TITLE

Veterans' Benefits: GAO-08-112

PUB. DATE
February 2008
SOURCE
GAO Reports;2/14/2008, p1
SOURCE TYPE
Government Documents
DOC. TYPE
Article
ABSTRACT
In 2006, the Department of Veterans Affairs (VA) paid about $3.5 billion in means-tested pension benefits to over 500,000 veterans and survivors. GAO was asked to review the management of VA pension program. This report assesses (1) the characteristics and trends in size of the current pensioner population, (2) the policies and procedures VA has in place to ensure that initial pension eligibility decisions are well managed, and (3) the procedures VA has in place to ensure that pensioners continue to receive the proper benefit payments on an ongoing basis. Our study included reviews of agency policies, procedures, and internal controls; site visits to 4 of VA's 57 regional offices and all three of its pension maintenance centers; and a selected file review of new claims at three locations. In 2006, most of the over 500,000 VA pensioners had nonpension incomes well below the federal poverty level, were beyond retirement age, and had multiple impairments, and the population has been decreasing in number. The average annual reported income of these pensioners, excluding their VA pensions, was less than $5,000. The average age of VA pensioners was 70. More than 80 percent had no spouse or dependent children. Three-fourths of veteran pensioners had multiple impairments. After reaching a peak of almost 2 million in 1978, the overall size of the pensioner population has gradually decreased, although the number of pensioners from more recent service periods has been increasing. VA policies and procedures are not sufficient to ensure sound decisions on new pension claims. Unlike other federal agencies with similar income-based programs, VA largely does not independently verify the accuracy of financial information provided by claimants to support initial pension program eligibility. In addition, the guidance used by staff to make pension eligibility decisions is not always current or clear. Further, VA's quality assurance review process for initial claims does not select a sufficient number of pension cases to ensure the accuracy of pension claims decisions. Finally, VA does not adequately evaluate training for pension staff. VA procedures for assessing whether pensioners continue to receive the proper benefits have significant limitations. Although the agency requires pensioners to report changes that might affect their pensions, VA does not require documentation such as bank or asset statements when pensioners report financial changes. Also, a key data match operation with the Internal Revenue Service is not conducted in a timely or efficient manner. Finally, despite millions of dollars in improper pension payments made each year, VA lacks a system to monitor and analyze their causes.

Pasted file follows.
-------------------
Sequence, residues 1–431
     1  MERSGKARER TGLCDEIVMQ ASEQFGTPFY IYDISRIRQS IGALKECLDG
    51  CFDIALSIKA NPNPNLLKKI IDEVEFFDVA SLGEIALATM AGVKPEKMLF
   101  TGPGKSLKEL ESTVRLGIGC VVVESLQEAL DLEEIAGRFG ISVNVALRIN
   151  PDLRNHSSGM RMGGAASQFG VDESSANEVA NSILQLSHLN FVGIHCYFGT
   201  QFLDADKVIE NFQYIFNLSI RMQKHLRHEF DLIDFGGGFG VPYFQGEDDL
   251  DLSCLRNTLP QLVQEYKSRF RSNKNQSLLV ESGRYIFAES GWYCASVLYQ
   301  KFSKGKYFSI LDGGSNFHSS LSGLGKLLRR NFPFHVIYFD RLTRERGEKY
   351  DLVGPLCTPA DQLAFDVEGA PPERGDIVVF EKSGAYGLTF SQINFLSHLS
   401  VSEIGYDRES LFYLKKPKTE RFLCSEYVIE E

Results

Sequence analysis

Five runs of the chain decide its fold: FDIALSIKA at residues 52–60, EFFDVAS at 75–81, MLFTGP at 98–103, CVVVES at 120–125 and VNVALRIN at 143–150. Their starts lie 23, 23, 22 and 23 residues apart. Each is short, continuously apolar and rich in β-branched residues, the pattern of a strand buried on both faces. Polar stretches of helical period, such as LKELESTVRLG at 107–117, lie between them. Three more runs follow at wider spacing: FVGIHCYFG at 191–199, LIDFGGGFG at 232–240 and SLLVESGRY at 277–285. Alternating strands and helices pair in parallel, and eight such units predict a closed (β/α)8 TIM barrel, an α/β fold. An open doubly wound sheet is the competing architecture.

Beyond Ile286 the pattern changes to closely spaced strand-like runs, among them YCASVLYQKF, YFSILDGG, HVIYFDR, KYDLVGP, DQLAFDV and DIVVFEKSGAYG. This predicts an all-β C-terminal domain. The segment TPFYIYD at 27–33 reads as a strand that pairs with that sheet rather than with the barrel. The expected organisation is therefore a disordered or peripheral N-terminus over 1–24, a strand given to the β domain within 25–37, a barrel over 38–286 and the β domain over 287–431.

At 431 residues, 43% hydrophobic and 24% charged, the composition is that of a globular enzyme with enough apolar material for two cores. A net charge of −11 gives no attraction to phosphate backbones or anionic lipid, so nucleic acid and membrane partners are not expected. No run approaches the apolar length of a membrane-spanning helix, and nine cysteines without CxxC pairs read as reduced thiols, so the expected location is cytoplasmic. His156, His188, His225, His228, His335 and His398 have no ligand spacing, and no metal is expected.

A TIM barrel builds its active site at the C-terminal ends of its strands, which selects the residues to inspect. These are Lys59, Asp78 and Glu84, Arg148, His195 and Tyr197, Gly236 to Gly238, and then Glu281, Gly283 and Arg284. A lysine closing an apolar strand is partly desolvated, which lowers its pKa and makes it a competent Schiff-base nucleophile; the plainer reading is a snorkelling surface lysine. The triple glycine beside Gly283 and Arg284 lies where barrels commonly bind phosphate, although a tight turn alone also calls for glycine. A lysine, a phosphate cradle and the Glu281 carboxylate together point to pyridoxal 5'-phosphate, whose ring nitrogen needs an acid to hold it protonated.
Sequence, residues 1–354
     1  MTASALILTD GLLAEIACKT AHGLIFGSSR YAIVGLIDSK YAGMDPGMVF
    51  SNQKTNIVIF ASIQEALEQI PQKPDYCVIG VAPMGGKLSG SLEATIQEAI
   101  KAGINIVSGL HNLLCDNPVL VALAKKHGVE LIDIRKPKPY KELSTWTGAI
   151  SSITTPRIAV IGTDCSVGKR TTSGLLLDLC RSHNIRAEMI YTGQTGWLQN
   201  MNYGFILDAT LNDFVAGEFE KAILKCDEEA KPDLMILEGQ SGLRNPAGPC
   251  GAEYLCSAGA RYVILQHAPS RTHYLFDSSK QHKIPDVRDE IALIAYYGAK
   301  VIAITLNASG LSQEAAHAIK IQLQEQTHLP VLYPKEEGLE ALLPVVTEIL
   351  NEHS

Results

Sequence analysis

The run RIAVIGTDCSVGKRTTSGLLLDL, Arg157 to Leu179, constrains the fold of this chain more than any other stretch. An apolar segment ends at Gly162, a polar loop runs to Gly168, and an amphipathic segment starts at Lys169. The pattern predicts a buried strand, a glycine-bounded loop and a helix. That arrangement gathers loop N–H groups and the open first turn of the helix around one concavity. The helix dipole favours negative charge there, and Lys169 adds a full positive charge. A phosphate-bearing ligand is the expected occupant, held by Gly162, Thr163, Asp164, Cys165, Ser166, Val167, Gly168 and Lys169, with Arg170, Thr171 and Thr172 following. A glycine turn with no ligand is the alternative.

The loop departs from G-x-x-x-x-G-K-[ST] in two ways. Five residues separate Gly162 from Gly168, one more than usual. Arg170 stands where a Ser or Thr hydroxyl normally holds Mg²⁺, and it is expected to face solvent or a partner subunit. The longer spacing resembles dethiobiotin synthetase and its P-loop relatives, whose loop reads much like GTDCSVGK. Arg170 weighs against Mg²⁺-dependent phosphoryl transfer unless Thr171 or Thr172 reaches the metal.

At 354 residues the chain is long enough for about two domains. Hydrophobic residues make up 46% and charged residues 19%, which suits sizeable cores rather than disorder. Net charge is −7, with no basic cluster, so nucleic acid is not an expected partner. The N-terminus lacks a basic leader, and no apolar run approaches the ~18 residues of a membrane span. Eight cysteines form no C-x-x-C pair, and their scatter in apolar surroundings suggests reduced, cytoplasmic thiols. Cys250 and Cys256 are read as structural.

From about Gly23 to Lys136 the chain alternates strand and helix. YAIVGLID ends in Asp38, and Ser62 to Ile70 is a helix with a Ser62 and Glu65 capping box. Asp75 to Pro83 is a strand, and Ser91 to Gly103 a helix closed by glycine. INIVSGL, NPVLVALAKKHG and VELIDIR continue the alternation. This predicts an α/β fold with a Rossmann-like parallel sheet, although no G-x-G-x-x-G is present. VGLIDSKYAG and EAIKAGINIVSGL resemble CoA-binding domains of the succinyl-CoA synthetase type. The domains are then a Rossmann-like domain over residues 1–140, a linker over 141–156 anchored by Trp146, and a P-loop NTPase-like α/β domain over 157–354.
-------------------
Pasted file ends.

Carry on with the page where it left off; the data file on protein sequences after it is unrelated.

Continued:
ACCESSION #
30027211

 

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